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Germany supports energy and climate protection in South Africa


Wind turbine

21.11.2014 |

Thomas Silberhorn, Parliamentary State Secretary to the Federal Minister for Economic Cooperation and Development, today concluded agreements on German-South African development cooperation for the next two years. The BMZ has announced 72.5 million euros for cooperation programmes in the fields of energy and climate, HIV prevention and governance.

Silberhorn recognised the cooperation with South Africa as a successful example of how industrialised countries and emerging economies can work together to help address global challenges. "South Africa has set itself ambitious goals for climate action and has been implementing them at a rapid pace over the last three years. Germany is making crucial contributions in terms of expertise on environmental and energy-related technologies."

Since 2011, South Africa has invested more than 8.5 billion euros in expanding renewable energies. The BMZ is, for instance, contributing technological expertise on connecting wind parks and solar power plants to the grid and advising municipalities on dealing expeditiously with local approval procedures. In addition, the BMZ is helping to finance innovative investment projects such as the first concentrated solar power plant in Africa, which is to constantly feed enough energy into the grid by 2018 to supply 200,000 households. Since 2008, the BMZ has made more than 500 million euros available for cooperation in the priority area of energy and climate.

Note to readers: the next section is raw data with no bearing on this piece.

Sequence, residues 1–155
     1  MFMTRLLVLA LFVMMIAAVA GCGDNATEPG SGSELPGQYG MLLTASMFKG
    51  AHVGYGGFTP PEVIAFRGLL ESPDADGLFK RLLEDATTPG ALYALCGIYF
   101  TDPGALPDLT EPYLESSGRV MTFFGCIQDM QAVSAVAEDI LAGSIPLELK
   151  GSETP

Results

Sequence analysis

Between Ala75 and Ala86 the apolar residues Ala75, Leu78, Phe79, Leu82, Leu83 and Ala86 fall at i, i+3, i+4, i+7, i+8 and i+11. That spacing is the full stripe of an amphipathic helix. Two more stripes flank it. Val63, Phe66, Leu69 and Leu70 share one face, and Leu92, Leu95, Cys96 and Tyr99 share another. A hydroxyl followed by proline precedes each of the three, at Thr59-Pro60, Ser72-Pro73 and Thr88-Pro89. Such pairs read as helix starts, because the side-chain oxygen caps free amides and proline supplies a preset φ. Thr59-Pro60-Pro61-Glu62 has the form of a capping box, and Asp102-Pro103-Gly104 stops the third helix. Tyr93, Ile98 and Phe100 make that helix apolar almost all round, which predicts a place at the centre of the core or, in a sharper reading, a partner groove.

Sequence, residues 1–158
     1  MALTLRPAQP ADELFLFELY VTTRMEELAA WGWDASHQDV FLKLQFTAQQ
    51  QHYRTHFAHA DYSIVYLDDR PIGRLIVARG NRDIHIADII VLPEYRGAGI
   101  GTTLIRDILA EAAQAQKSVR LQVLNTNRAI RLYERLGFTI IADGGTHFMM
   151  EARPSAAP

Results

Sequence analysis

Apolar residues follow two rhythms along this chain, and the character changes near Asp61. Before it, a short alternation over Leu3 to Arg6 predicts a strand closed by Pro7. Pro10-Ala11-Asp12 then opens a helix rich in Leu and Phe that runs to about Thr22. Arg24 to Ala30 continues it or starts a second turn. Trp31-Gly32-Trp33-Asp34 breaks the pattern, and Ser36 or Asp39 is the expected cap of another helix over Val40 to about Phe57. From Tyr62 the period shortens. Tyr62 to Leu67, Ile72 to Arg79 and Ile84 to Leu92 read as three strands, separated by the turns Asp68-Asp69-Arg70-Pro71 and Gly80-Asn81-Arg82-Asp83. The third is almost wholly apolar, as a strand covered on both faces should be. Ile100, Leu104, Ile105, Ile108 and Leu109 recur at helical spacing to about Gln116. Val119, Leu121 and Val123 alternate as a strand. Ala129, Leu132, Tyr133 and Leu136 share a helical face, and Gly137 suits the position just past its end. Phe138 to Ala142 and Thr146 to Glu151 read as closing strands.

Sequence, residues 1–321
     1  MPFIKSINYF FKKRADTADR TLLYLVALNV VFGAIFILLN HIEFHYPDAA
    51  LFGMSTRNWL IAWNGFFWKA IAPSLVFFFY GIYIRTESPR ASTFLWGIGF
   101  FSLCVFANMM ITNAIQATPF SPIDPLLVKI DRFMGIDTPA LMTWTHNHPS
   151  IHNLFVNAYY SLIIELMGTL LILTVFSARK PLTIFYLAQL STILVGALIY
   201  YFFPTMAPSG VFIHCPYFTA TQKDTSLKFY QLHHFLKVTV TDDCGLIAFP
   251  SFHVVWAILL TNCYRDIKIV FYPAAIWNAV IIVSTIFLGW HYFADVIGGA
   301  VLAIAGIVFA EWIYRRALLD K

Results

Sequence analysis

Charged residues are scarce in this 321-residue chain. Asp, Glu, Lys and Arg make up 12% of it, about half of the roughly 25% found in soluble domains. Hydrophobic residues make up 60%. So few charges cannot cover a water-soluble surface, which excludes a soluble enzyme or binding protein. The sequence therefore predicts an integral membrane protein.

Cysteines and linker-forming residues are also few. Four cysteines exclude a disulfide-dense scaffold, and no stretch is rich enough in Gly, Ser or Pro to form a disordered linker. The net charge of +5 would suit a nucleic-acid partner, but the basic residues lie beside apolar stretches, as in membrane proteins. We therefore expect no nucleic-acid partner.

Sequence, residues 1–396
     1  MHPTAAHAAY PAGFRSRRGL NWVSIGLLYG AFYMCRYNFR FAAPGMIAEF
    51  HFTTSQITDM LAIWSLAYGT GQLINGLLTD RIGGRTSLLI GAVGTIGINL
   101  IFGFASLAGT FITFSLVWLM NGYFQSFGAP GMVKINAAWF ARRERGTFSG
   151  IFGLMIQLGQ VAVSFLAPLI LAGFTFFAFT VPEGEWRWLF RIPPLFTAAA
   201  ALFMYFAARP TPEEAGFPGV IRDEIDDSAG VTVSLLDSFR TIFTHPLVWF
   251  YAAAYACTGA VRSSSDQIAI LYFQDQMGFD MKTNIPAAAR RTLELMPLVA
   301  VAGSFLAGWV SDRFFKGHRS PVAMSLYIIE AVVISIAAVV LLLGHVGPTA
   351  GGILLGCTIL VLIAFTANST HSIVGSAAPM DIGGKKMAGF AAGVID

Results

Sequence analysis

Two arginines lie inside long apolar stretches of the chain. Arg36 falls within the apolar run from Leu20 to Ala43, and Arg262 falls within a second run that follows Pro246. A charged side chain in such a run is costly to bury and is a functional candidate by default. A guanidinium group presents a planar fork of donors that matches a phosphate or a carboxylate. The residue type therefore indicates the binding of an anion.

In addition, the BMZ and South Africa's Ministry of Finance have agreed to define vocational education and training as a new priority area of cooperation. This is to help improve young South Africans' opportunities in the labour market and create more employment opportunities in the green economy. Silberhorn also visited a vocational training centre near Johannesburg. There are plans to make vocational training at the centre more practice-oriented for future electricians and installers of environmental technology systems, including through cooperation with German companies.

The Binational Commission has agreed on a joint country strategy for development cooperation between Germany and South Africa for 2015-2020. The Binational Commission was launched after a visit by the then South African President, Nelson Mandela, to Germany in 1996. It is aimed at establishing a long-term strategic partnership between the two countries.

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